CANADA – MARRIAGES. A new collection of district marriage register images for Ontario, Canada (1801-1858) is now free to browse at FamilySearch.org. Most entries are for the 1830s-1850s.
GERMANY – EMIGRANTS. The (former) Grand Duchy of Oldenburg Emigrants database just passed the 100.000 person mark. According to a note from the site host, “The database contains beside the emigrant itself also the family members we could trace in Germany or the Country to which he migrated.” Learn more at this blog post from the Oldenburgische Gesellschaft für Familienkunde. Click here to hear online German records expert Jim Beidler talk about new German records online.
PHILIPPINES – CIVIL REGISTRATIONS. FamilySearch.org has added 1.7 million+ browsable records to an existing collection of Philippines national civil registration records (1945-1984). These are described as “marriage and death certificates from various localities,” excluding Manila, for which there is a separate database.
RUSSIA – CHURCH. Nearly half a million browsable records have been added to a free FamilySearch.org collection of church books for Tatarstan, Russia (1721-1939). These are described as “images of births and baptisms, marriages, deaths and burials performed by priests of the Russian Orthodox Church in the republic of Tatarstan.” More records are being added as they are available.
UKRAINE – CHURCH. Another 205,000 browsable records have been added to a free FamilySearch.org collection of church book duplicates for Kyiv, Ukraine (1734-1920).
U.S. – MICHIGAN – MARRIAGES. FamilySearch.org has added more than 60,000 indexed names to its collection of Michigan county marriage records (1820-1940) and another 2000+ names to its collection of Michigan church marriage records (1865-1931).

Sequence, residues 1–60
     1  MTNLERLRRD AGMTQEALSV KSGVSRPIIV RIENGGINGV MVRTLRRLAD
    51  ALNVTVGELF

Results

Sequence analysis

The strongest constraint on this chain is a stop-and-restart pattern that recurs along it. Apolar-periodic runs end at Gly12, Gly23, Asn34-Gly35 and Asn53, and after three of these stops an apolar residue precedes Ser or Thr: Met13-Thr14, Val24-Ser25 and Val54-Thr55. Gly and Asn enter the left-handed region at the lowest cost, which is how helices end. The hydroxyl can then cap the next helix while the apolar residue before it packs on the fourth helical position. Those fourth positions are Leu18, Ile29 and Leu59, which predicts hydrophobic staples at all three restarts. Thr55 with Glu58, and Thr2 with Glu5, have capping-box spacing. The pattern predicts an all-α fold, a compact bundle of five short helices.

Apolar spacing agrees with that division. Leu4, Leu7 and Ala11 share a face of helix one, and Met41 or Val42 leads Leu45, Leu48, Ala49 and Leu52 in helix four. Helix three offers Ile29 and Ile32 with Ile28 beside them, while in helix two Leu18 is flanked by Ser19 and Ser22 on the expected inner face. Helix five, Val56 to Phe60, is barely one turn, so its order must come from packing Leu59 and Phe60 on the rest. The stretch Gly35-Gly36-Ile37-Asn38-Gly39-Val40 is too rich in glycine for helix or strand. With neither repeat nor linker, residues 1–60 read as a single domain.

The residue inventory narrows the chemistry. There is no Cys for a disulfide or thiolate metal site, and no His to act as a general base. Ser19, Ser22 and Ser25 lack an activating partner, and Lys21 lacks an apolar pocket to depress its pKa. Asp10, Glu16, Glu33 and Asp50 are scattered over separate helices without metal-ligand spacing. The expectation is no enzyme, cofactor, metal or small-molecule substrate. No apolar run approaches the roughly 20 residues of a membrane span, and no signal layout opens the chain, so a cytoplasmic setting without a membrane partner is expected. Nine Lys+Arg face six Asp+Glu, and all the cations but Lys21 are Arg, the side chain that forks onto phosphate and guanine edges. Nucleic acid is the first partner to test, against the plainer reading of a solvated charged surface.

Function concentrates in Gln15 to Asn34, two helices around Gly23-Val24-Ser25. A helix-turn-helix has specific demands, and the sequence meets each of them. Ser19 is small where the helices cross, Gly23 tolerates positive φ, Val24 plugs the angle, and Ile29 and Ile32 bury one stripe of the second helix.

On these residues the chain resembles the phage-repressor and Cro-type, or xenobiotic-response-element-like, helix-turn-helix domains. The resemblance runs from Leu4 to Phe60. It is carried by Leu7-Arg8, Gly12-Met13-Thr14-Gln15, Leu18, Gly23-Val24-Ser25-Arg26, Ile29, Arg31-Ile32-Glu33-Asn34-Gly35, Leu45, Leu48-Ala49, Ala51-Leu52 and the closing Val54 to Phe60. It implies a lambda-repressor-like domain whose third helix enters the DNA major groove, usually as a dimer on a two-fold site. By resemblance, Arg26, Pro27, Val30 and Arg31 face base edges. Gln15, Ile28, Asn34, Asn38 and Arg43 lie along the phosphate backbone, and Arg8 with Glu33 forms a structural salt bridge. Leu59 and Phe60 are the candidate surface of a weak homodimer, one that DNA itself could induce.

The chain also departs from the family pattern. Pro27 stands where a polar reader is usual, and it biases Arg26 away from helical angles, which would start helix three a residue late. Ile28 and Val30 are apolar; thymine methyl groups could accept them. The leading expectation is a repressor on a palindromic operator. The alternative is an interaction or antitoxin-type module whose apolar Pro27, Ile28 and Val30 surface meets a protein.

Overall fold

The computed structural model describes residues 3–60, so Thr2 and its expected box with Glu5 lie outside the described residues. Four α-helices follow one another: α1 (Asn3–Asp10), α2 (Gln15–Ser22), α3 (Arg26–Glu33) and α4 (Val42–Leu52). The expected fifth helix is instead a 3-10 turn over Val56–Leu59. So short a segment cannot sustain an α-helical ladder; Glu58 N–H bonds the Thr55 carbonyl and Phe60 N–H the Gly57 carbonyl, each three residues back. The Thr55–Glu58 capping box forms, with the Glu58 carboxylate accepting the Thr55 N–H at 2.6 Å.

Thanks for sharing this post about new genealogy records online with your genealogy buddies on your favorite social media sites! We love spreading good news.
Mark your calendars: The National Genealogical Society (U.S) has announced that next year’s Family History Conference will be at the Greater Richmond Convention Center and Marriott Hotel in Richmond, Virginia from May 7 -10.
The theme for the 2014 conference is “Virginia: The First Frontier,” so you can expect to see plenty of “Old Dominion” records and history. But conference planners promise more than 150 lectures that will include “migration into, within, and out of the region down the Great Wagon Road, over the Appalachian Mountains, and across the south to Texas and beyond.” Plan to learn about the “history, records, repositories, and ethnic and religious groups in Virginia and the neighboring states of Maryland, Pennsylvania, West Virginia, North Carolina, South Carolina, Kentucky, and Tennessee. The program will also feature broader genealogical categories including military and other federal records, the law as it relates to genealogy, methodology, analysis, and problem solving. There will also be an emphasis on the use of technology (GenTech) in genealogical research including genetics, mobile devices, and apps.”
If you plan to go, get your hotel reservation in early–reservations are already being accepted, though actual conference registration doesn’t open until December 1. Check out hotel information and sign up for the NGS Conference Blog so you can keep up-to-date on news and announcements.